Understand the Meaning of Risk
Risks can be difficult to identify because they are hypothetical. A risk is not an incident or event, but rather the possibility that one will occur. Enterprise risks involve both potential rewards, such as increased business or profits, and potential problems—theoretical events that could cause financial or other losses or jeopardize the business’s ability to function.
TYPES OF ENTERPRISE RISK
- FINANCIAL RISK This includes bad debt, the interest rate on money borrowed by the business, credit extended to customers, and a drop in the organization’s stock value.
- COMPLIANCE RISK Failure to maintain compliance with government or industry standards can incur hefty fines and reputational damage.
- STRATEGIC RISK A shift in demand for an organization’s products or services is one example; being undercut or outsold by competitors is another.
- SECURITY RISK Data and systems breaches, building break-ins, and theft of proprietorial information by employees are all types of security risk.
- OPERATIONAL RISK What if a major piece of machinery breaks down? Any potential event that could affect business operations is a risk to consider and mitigate.
Not all risks are negative. What if a surge in demand depletes your stock, or too many visitors crash your website? These are the kinds of problems every business wishes it had. But you need to be prepared to mitigate positive risks, too. Otherwise, your enterprise could miss valuable opportunities to increase sales and grow business.
Risk is not what happens after an incident or event. It’s not declaring bankruptcy after your stocks plummet. It’s not calling the tow truck after a car accident. It’s not even the mitigation plan launched when a problem strikes. And it’s not going away, no matter how hard you ignore it.
FOUR WAYS TO HANDLE RISK
Conventional wisdom says there are four ways to deal with business risk: accept it, avoid it, manage the accepted risk by transferring it, or, once risk materializes, mitigate it. But this rule of thumb neglects the most effective risk-management strategy of all.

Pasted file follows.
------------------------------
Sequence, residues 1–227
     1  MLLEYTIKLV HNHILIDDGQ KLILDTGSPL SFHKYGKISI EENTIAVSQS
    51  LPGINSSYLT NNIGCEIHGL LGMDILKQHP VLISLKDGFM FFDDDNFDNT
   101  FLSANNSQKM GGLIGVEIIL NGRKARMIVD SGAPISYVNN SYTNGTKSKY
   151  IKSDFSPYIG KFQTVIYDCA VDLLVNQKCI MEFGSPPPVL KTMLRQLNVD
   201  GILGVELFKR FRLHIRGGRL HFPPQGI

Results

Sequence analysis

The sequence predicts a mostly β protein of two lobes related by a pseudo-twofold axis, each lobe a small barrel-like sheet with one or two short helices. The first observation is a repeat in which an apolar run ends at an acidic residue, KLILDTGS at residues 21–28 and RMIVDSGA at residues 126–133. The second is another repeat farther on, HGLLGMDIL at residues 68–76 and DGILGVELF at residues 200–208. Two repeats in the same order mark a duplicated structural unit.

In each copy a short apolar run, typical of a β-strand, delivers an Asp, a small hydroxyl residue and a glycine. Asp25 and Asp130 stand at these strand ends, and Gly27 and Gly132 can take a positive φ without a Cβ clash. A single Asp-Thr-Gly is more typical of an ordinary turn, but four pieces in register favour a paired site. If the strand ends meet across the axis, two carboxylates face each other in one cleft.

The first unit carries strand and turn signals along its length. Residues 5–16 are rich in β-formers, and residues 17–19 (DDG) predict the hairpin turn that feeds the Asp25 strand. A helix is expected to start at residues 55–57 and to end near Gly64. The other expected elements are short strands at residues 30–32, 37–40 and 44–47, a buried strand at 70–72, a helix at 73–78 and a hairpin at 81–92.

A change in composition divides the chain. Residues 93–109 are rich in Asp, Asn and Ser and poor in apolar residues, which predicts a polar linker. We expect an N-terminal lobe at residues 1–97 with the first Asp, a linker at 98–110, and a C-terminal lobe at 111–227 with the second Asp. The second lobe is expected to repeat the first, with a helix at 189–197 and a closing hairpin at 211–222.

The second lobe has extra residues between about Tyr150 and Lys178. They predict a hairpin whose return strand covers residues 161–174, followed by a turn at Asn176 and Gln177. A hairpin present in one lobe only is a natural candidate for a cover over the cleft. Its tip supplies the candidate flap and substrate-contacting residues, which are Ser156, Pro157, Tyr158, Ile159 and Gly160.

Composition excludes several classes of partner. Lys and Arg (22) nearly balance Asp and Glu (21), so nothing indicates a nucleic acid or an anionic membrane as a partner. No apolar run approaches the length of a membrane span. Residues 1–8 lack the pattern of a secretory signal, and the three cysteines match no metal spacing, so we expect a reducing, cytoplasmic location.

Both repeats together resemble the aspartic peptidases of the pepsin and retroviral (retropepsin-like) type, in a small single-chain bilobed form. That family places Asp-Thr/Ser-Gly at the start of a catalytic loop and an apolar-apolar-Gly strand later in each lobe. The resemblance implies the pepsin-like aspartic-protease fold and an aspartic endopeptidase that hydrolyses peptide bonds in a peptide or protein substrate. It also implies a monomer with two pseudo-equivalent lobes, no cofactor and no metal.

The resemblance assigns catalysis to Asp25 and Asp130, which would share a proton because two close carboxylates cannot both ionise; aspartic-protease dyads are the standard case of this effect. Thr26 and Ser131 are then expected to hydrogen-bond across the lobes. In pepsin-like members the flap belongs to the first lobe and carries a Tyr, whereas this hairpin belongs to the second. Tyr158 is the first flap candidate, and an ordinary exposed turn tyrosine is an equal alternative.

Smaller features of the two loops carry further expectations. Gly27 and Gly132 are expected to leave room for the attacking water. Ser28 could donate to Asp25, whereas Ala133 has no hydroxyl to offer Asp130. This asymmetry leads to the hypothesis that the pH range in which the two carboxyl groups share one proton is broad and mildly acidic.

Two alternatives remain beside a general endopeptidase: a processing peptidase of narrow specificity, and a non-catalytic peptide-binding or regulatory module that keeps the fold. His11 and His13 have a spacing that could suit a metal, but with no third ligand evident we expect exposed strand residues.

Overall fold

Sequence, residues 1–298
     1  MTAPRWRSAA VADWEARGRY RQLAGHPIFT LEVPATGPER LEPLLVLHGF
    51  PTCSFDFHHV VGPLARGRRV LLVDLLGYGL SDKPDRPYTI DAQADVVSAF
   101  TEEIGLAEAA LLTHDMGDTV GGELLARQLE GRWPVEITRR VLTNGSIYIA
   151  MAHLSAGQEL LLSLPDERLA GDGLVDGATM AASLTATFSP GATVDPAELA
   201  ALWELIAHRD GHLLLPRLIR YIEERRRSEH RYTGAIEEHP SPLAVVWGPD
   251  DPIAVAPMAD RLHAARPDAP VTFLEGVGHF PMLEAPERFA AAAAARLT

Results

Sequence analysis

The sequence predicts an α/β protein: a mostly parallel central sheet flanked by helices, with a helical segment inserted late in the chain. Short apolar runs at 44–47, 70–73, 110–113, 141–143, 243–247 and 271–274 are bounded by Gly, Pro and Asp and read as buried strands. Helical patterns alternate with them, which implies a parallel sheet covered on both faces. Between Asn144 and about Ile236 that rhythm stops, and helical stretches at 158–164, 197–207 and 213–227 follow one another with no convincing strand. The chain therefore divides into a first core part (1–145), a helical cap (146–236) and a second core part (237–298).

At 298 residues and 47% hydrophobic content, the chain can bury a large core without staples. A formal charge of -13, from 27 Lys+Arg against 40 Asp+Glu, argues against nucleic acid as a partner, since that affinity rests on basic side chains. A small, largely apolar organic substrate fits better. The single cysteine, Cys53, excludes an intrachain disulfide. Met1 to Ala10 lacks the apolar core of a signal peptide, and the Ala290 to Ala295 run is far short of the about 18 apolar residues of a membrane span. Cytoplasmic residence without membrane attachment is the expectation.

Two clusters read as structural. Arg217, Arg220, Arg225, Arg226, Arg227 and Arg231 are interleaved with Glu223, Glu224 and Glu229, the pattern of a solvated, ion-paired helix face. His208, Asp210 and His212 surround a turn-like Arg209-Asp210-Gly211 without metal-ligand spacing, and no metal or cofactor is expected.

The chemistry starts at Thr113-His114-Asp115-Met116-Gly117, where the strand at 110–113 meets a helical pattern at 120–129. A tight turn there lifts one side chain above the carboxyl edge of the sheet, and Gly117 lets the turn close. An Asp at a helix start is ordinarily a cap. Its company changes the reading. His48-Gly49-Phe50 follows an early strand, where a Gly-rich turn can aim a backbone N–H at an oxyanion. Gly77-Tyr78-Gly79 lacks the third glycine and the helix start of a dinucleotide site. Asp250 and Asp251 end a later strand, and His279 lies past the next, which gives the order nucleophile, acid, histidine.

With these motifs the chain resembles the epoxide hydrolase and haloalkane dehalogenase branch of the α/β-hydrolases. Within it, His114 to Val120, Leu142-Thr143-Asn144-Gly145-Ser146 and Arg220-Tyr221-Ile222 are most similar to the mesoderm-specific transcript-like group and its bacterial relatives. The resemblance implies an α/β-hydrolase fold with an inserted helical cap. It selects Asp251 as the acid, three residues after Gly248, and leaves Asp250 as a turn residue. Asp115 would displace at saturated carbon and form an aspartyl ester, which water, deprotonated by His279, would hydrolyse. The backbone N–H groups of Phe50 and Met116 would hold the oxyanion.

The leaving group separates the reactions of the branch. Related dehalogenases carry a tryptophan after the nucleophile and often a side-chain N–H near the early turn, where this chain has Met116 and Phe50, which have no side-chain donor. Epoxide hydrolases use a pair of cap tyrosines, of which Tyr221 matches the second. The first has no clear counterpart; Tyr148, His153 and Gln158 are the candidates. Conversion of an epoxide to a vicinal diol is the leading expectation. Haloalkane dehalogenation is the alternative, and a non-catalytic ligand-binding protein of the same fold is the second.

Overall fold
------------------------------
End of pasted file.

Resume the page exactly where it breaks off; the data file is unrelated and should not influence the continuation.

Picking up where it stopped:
- ACCEPT Do you drive to and from work? You’re taking a risk— quite a sizeable one, according to the National Highway Traffic Safety Administration. By getting behind the wheel instead of taking a train or bus, you’re accepting that risk. We also accept risks when we fly and when we invest in the stock market.
- AVOID You can also choose to avoid some risks altogether. You can ride a train or bus to avoid the risks incurred by driving. You can choose not to invest in the stock market. Often, though, avoiding risk means foregoing expected rewards: the flexibility of having your car at work, the opportunity to make money on the stock market, and the added convenience and profits from taking your business online.
- MITIGATE For every risk your enterprise accepts, it’s important to have a mitigation plan. Mitigation, however, does nothing to prevent risks from becoming reality. It merely controls loss or damage should the risk materialize and become an incident. What would your organization do if a competitor started taking your business? If your enterprise’s system were breached, how would it protect its data, clients, and customers?
- TRANSFER We may protect ourselves against loss or damage by transferring risk elsewhere. Purchasing motor vehicle insurance transfers the financial risk of driving to an insurer. At work, your enterprise might have cybersecurity insurance or catastrophic coverage.
This four-point framework for risk management is widely used. But it doesn’t go far enough. To manage enterprise risk effectively, enterprises must employ a fifth, proactive alternative, one that we as individuals use every day, but that too many businesses overlook:
- CONTROLLING VULNERABILITIES We enter into risk with the hope of reward—that, rather than lose money or suffer harm, we will gain something. To make our odds more favorable, we must protect ourselves where we are most vulnerable. This strategy helps avoid the negative consequences, such as financial loss or reputational damage, that would occur if our risks materialized.